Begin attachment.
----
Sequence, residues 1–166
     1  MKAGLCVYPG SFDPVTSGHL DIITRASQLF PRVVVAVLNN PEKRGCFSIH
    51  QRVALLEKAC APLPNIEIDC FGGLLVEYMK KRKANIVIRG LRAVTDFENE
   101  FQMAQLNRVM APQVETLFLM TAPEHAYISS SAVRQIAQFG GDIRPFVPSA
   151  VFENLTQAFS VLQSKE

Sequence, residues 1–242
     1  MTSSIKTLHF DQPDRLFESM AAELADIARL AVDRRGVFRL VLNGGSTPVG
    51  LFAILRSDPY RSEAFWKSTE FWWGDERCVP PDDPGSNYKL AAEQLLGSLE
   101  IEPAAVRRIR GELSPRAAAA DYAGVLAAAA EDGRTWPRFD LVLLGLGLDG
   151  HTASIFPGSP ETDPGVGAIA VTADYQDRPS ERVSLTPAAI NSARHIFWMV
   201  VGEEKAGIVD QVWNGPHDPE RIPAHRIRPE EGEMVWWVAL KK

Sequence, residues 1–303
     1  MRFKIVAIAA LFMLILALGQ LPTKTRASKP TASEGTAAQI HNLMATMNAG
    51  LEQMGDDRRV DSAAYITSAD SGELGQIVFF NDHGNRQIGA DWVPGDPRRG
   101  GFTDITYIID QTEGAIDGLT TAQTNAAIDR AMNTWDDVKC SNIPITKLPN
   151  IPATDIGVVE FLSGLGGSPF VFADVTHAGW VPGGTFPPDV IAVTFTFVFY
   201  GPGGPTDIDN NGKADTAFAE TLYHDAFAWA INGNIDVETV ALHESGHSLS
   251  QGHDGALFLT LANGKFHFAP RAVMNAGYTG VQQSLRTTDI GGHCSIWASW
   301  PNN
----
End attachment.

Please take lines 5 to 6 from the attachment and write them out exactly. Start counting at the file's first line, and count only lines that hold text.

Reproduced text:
   151  VFENLTQAFS VLQSKE

Sequence, residues 1–242